Individual restaurants have different site criteria. A fast food restaurant, (such as KFC, McDonald’s or Burger King), a family coffee shop (such as Denny’s, IHOP, or Baker’s Square) and coffee house (such as Starbuck’s or Peet’s) have similar site criteria. They are all looking for high visibility, easy access, high vehicular counts and/or heavy foot traffic. Other types of restaurants such as a dinner houses or other upgraded operations are looking for a strong stable demographic base of customers which may include a combination of a strong neighborhood population, a dense business district, a heavy concentration of office buildings and/or a neighborhood or regional shopping center.
Many independent restaurant operators are competing against major chain operators for the best sites. Chain operators can normally beat out independents in acquiring these sites, as they can afford to pay higher rents because they generate higher sales volumes as a result of their large advertising and marketing budgets and their high physical presence in the marketplace.
Here are some of the ways independent operators can obtain good restaurant sites:
a) Look for a situation where an inexperienced operator has a good site and is not doing well and will most likely being going out of business in the near future.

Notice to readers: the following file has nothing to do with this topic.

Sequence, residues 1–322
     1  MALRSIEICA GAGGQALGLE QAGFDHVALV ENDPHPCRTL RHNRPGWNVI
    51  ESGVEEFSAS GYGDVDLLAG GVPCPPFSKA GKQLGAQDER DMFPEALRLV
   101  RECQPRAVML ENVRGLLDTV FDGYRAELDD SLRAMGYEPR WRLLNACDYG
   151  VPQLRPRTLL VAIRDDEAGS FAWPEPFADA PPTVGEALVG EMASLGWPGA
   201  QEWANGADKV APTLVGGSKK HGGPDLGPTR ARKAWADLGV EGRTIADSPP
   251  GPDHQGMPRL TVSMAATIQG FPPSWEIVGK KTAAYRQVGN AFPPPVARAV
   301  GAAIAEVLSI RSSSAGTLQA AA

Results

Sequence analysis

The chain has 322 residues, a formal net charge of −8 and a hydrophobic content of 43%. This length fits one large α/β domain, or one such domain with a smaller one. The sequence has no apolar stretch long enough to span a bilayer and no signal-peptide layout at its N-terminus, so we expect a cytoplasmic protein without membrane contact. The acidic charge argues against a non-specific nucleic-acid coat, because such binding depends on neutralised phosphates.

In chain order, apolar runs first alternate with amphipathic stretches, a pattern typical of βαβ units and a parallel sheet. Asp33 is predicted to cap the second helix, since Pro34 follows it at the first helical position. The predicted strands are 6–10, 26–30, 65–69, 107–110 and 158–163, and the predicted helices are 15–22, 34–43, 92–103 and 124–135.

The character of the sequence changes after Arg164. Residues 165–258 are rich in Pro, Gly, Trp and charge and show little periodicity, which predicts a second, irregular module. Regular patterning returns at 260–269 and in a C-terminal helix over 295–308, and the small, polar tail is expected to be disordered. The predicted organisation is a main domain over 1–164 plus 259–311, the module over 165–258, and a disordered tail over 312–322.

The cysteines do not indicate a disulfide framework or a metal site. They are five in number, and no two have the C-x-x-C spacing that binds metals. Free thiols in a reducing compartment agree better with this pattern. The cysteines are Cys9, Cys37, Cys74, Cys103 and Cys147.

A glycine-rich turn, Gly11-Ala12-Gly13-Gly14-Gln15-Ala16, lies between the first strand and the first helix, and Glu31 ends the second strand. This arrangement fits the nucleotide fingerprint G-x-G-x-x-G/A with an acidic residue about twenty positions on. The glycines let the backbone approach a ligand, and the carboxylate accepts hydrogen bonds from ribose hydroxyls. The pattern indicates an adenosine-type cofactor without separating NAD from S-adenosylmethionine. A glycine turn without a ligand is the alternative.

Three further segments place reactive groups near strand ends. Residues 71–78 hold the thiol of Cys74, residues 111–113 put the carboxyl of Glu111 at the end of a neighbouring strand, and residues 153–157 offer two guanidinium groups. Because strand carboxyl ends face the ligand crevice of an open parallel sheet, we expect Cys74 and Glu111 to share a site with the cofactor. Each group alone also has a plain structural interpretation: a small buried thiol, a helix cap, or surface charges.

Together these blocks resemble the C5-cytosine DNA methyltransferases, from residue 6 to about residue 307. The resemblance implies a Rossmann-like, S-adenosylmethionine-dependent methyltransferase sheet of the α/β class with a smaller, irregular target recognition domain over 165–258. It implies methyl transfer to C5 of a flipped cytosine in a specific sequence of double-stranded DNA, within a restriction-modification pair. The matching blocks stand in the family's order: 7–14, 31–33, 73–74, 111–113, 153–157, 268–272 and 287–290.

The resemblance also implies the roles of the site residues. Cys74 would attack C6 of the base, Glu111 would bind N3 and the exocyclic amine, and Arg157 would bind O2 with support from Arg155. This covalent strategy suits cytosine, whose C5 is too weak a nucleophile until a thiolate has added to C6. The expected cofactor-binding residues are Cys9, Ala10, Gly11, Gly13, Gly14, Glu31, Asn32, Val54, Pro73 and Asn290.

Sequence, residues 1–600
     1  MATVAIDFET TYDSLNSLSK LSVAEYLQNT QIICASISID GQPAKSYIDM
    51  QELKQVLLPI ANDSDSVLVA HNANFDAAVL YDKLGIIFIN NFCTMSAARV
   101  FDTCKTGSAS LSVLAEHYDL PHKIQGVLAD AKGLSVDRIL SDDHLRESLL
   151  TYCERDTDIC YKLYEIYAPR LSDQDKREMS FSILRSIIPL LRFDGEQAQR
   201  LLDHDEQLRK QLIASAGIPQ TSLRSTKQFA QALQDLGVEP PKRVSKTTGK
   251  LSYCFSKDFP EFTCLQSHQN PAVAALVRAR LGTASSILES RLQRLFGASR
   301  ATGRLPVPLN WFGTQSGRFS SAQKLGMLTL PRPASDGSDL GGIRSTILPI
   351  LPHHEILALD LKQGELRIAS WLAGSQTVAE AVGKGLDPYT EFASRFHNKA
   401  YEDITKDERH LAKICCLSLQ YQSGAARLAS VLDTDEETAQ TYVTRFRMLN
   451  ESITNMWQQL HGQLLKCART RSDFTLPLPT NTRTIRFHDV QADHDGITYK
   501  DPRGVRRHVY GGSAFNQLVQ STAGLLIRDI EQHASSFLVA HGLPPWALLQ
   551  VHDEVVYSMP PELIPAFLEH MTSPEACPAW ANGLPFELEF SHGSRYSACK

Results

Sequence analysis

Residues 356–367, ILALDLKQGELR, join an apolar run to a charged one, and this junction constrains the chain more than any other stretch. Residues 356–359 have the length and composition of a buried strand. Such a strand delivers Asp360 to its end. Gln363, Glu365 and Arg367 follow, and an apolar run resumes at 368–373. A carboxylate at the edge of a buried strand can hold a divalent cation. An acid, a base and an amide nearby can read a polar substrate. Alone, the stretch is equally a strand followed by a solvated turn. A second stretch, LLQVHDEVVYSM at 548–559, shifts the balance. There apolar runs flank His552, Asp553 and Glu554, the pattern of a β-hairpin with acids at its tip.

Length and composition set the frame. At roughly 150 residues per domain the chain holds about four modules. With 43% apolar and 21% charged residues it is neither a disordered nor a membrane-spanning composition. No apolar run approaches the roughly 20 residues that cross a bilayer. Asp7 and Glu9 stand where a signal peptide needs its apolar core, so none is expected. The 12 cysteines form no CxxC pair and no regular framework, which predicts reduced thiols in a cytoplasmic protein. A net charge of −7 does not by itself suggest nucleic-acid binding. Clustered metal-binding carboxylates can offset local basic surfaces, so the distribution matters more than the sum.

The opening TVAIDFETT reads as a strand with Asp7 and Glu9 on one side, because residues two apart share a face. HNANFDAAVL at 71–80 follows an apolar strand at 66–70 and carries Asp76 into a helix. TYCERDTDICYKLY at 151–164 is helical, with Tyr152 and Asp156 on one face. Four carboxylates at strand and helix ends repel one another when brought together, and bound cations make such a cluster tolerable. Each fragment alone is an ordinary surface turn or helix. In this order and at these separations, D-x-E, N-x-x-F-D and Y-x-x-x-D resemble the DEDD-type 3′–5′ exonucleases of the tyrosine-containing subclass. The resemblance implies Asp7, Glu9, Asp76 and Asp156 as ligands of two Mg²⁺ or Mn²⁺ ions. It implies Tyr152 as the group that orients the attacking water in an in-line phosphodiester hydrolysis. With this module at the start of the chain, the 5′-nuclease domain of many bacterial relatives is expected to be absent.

b) Look at particular locations where local communities do not want chain operators and want only local independent operators in areas.
c) Talk to restaurant vendors and suppliers who know which restaurant operators are late pays and are having financial problems.
d) Check out restaurant sites where former operators are out of business and it appears that the equipment is still in tact.
e) Read the local newspaper restaurants for sale or business opportunity section and call various restaurants for sale. In more cases than not most restaurants for sale are in trouble financially and good deals can be made.
f) Call a restaurant broker specialist and there will more than likely to be a broker that will be happy to follow-up anonymously on your behalf on situations where it appears that the current operator is having trouble financially or there is a business that is closed, etc.